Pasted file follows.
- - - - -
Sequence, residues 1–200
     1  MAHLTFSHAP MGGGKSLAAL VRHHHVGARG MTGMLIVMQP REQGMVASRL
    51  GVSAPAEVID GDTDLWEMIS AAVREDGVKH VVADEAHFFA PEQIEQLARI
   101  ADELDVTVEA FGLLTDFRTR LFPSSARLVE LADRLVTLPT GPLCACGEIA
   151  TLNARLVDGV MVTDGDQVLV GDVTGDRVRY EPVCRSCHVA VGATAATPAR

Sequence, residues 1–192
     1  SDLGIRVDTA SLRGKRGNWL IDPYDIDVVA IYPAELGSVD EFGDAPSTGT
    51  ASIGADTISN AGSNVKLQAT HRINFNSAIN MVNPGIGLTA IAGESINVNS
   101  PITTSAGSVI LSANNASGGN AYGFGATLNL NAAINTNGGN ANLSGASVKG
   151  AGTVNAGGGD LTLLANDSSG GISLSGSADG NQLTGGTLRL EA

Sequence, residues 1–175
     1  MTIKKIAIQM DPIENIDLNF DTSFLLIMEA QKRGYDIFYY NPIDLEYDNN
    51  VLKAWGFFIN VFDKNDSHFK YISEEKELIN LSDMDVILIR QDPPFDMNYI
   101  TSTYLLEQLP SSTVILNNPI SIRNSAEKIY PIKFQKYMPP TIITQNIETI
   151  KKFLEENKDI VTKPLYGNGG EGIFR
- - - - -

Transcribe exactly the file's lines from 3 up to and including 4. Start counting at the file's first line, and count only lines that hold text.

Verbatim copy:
    51  GVSAPAEVID GDTDLWEMIS AAVREDGVKH VVADEAHFFA PEQIEQLARI
   101  ADELDVTVEA FGLLTDFRTR LFPSSARLVE LADRLVTLPT GPLCACGEIA